A winning tradition - NMHS grads and Jeopardy!

Jessica Lindoerfer, a New Milford High School graduate, poses with longtime Jeopardy TV game show host Alex Trebek during her successful appearance on the show. July 2015
Jessica Lindoerfer, a New Milford High School graduate, poses with longtime Jeopardy TV game show host Alex Trebek during her successful appearance on the show. July 2015Contributed Photo / Contributed Photo

The beat goes on for New Milford High School graduates and the iconic TV quiz show, Jeopardy!

Jessica Lindoerfer, a 1994 NMHS graduate, this week became the third NMHS alum and fifth overall New Milford contestant to appear on the Jeopardy! franchise.

The current Vermont resident earned $17,800 Monday on her way to victory.

Lindoerfer correctly answered the Final Jeopardy! question. The category was the Oscars and Lindeorfer edged out returning champion Hilary Carney with the answer, “Ben Hur,” to the question which Hollywood movie set in the time of Christ earned the Best Picture Academy Award.

“I was extremely nervous in the weeks coming up to my appearance,” said Lindeorfer. “My partner, Nate Sebold, and I had flown out to Los Angeles on a Monday in April for the filming and I got a ticket to be an audience member the day before I was to appear as a contestant.”

“I got to see the studio and how it all worked with no pressure,” she explained. “That Wednesday morning, I was excited, and not nervous as the shuttle took me to the studio.”

Lindoerfer met defeat Tuesday in her return engagement as defending champion.

She had not been the first NMHS grad to win on Jeopardy!.

In 2008, her friend since 4th grade, Alison Sculley Kolani appeared on the show and won about $15,000.

In 2011, yet another New Milford High product, Brian McEntee was a victor.

That same year, then 11-year-old Tony Harkin claimed $21,00 as the champion during Jeopardy! Kids Week.

Harkin attributed his win at the time to the ease of the Final Jeopardy question about gold medal wins by Olympic swimmer Michael Phelps, saying “everybody knows about him.”

Is it something in the water in New Milford?

Not so, said the NMHS grads.

It could well be attributed to the training and mentoring by another Jeopardy! contestant, Brock Putnam, who appeared on the ABC quiz show in 1996.

Putnam was a longtime New Milford High School history and humanities teacher at the time Lindoerfer, Kolani and McEntee attended the school.

Now retired, he was also coach of the high school’s touted Team Waramaug, a competitive academic team that provided top students a venue to compete across the state, region and nation.

Inspired by Putnam’s passion and tutelage, the team earned a national reputation for the caliber of students it nurtured during its more than 20-year run.

McEntee, an NMHS Class of 2000 graduate, was a top scholar for Team Waramaug. Putnam remembers him as a “terrific abstract thinker with an excellent memory.”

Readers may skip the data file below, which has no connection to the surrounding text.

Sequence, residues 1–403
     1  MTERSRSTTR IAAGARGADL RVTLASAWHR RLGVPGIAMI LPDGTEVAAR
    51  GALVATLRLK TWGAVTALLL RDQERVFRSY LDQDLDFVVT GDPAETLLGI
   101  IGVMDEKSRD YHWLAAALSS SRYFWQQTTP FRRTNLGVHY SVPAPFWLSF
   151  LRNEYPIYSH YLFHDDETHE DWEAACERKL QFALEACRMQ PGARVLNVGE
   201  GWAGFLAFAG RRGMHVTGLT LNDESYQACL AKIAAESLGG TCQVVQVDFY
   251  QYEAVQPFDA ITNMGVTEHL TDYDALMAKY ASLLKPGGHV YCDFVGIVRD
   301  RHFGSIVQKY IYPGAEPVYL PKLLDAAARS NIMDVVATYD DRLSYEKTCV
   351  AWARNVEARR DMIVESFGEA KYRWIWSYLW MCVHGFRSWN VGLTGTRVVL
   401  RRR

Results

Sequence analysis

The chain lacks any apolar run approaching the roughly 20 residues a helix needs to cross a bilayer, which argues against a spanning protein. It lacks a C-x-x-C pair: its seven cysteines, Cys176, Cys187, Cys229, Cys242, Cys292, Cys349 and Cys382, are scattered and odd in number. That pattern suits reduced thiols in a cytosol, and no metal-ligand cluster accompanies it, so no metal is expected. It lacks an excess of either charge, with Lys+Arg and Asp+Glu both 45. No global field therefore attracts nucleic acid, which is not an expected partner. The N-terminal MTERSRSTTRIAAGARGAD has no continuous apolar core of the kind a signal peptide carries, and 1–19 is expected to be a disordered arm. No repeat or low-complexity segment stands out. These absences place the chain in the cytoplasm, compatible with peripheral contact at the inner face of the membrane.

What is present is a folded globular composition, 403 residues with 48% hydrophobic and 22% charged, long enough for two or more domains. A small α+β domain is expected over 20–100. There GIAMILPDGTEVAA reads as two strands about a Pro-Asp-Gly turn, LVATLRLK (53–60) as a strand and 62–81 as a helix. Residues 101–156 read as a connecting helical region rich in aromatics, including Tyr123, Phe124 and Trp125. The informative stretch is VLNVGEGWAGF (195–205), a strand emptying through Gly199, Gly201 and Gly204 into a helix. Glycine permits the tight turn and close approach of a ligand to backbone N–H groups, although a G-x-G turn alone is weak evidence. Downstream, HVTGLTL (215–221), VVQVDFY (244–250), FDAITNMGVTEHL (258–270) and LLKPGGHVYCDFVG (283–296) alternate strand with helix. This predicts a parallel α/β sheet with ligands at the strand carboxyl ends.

Lindoerfer said she was “in Brock’s circle of influence.” He remembers her as occasionally coming to Team Waramuag practices “for the fun of it.” He noted “Jessica radiated a certain confidence, even at 16.”

For Kolani, Team Waramaug was “the perfect training ground” for quiz show success. Putnam found her to be an enthusiastic team member who “clearly enjoyed” the challenge, and winning.

“If you want to link our success at Jeopardy! to Brock Putnam, you couldn’t make a better choice,” said Kolani, who was a Team Waramaug member for two years. “Brock was our team coach and what better possible training.”

“I was a freshman, I think, when Brock appeared on Jeopardy!” McEntee recalled. “You can’t solicit any advice from past players. But I had to let Brock know I was going to be on the show.”

“He absolutely can be credited for the number of Jeopardy! champions from New Milford High,” he said, “both for the enthusiasm and the training he afforded us.”

Putnam, an Amherst College graduate with a masters degree from Harvard, recalled his one session on Jeopardy!

“When I was on it I got myself in a hole in the first half,” Putnam recalled, “with the buzzer. In the second half, I mastered the question-buzzer connection but had dug myself such a deep hole I didn’t make it.”

“Of course, I was 20 years older than the other two contestants,” he winced, “with reflexes that went along with the age difference.”

Like Kolani before her in 2008 and McEntee in 2011, Lindoerfer lost her second game, aired on Tuesday.

Yet she said she has “no regrets.”

After all, as McEntee said, “even if you could study 95 percent of all the things in the world, they could ask that 5 percent you didn’t look at.”

“ I’m really happy with how it all went,” Lindeorfer said. “It was fine with me to be a one-day champion. All the people I played with were so very good.”

“I’m very proud to have represented New Milford on the show,” Kolani added. “This was something Jess and I always talked about doing.”

stuz@newstimes.com; 203-731-3352